“You won’t know for sure until a professional book editor reviews your work. Because they are so familiar with it, authors who self edit tend to skip over their mistakes. That is why even expert writers use a pro. I have over three decades of experience and know what publishers want. It takes a lot of hard work to be successful. The field is extremely competitive, with no room for error. I can make your book shine so it stands out from the rest.”
Just as the name suggests, lin editing is more of looking closely at each line and analyzes each sentence in your paragraph, chapter, and book. This type of editing process is commonly associated or interchanged with copyediting, proofreading, or even developmental editing. What one needs to remember is that line editing is more focused on word choice, weight, and meaning of a sentence. And the editor does this with each and every sentence in the manuscript, with no exception. This is where the editor will trim or expand your sentence to make it more effective.
Copy editing is among the basics of all editing processes. Whether you are publishing a press release, a blog article, or a news article, the material needs to go through a process where small gaps are bridged and details are reviewed. For manuscripts, copy editing is done after solving the bigger picture (flow, structure, etc.). Copy editing aims to make your literary masterpiece more readable, clear, coherent, consistent, and of course correct. The end goal of this process is to make your book look professional. For self-publishing authors, hiring a copy editor can greatly improve the quality of your manuscript and ensure that it is ready for the final process- proofreading.
This is considered by many as the last major step that any manuscript will undergo before printing or publishing. Proofreaders are not only copy editors. They are meticulous inspectors as well. They make sure that there is not a single spelling or grammar occupying the pages of your manuscript. Below are the standard tasks that proofreading does, making sure that your manuscript is 100% ready for printing and publication.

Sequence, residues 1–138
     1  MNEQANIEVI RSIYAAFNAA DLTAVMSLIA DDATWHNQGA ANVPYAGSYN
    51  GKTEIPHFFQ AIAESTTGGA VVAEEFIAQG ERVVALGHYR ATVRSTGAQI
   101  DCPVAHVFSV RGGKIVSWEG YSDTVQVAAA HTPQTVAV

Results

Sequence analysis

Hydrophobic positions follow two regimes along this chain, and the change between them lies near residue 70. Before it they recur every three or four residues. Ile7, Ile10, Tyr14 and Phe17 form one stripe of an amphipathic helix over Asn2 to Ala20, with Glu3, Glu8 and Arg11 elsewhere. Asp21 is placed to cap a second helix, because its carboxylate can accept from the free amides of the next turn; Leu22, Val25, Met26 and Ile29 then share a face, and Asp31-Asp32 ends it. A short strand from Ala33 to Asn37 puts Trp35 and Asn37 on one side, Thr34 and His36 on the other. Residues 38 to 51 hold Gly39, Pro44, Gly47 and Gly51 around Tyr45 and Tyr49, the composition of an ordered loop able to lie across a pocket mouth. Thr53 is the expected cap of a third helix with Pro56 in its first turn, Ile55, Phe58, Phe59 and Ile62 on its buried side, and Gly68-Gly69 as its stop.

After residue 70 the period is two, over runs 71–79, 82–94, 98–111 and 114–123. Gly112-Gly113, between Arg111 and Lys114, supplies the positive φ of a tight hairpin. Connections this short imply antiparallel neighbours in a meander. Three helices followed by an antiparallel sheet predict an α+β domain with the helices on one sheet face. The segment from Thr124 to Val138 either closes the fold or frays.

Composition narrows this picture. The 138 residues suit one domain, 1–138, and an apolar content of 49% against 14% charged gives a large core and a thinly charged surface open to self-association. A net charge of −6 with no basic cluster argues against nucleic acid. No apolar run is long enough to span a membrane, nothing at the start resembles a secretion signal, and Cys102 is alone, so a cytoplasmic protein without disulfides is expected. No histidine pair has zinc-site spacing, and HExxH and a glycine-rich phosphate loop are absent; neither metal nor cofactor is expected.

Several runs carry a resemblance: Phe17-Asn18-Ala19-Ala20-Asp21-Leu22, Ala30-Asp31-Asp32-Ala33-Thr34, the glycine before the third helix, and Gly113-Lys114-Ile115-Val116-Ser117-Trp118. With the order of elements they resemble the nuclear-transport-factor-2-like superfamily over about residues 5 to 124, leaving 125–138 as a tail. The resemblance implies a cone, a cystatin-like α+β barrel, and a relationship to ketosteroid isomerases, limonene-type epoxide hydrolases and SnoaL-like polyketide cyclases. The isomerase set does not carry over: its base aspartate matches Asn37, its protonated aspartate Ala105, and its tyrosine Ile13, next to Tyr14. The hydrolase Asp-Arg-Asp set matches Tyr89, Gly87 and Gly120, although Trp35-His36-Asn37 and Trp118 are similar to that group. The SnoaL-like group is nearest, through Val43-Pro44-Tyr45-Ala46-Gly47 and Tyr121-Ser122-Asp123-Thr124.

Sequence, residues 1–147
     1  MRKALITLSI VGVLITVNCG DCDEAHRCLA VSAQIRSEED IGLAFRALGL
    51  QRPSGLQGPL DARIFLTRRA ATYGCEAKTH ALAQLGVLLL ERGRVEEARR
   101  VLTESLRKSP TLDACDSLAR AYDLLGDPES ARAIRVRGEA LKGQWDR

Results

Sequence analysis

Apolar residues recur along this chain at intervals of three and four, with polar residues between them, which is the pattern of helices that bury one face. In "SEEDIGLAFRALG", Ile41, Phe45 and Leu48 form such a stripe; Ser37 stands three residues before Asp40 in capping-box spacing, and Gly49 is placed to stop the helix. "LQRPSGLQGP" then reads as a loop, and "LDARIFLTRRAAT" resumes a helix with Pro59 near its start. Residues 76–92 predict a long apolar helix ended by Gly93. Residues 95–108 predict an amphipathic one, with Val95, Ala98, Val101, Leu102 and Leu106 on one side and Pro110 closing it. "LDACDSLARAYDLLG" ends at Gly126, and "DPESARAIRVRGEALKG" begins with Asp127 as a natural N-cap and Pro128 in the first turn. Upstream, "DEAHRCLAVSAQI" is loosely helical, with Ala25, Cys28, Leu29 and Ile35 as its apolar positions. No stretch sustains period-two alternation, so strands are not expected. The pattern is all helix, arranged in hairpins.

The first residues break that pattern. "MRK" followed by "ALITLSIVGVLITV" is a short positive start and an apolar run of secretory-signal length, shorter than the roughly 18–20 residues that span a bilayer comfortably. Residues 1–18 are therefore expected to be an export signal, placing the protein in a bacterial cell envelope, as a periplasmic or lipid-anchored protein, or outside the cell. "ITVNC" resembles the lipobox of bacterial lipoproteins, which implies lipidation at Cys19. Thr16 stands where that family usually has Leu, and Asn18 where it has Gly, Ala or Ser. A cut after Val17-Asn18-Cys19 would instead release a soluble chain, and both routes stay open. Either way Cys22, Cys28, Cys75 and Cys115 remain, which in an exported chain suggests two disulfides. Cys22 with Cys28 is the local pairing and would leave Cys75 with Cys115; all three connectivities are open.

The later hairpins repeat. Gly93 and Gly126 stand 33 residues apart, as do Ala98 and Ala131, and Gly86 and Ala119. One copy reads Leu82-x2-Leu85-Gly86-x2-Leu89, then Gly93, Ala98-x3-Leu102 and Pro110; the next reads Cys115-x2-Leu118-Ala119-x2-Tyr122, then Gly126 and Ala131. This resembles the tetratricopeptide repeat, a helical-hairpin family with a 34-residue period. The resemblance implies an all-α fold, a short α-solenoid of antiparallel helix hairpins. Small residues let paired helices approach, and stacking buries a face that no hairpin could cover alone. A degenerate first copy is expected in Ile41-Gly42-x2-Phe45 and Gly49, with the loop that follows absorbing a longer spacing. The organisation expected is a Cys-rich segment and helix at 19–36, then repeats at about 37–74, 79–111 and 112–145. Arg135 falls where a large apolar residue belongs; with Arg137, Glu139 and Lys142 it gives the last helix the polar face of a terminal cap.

· Inconsistencies in layout and typography
· Confusing or awkward page and word breaks
· Incorrect captioning on any illustrations and page numbers in the contents
Fact-Checking is a type of editing process that may not apply to every manuscript. However, checking facts and information is a must, especially for works of non-fiction, memoirs, and biographies. For fiction works, they can be used to further build your story. Say, if you are writing science fiction involving quantum physics, or space travel, you would want your information or background story to be somewhat believable. Historical fiction is great only if they are close to what actually happened. Dates, events, scientific laws, historical figures, and other facts embedded in your manuscript should also undergo fact-checks. You wouldn’t want to sound ridiculous telling non-fiction (or even fiction) completely detached from actual facts.
Overall, these types of the editing process and each will certainly improve your work. A great narrative is not all about soul and heart. It is also a matter of flow, structure, voice, correctness, and how well it can communicate to future readers. Editing processes aim to do that, and professional editors ensure that it will be done.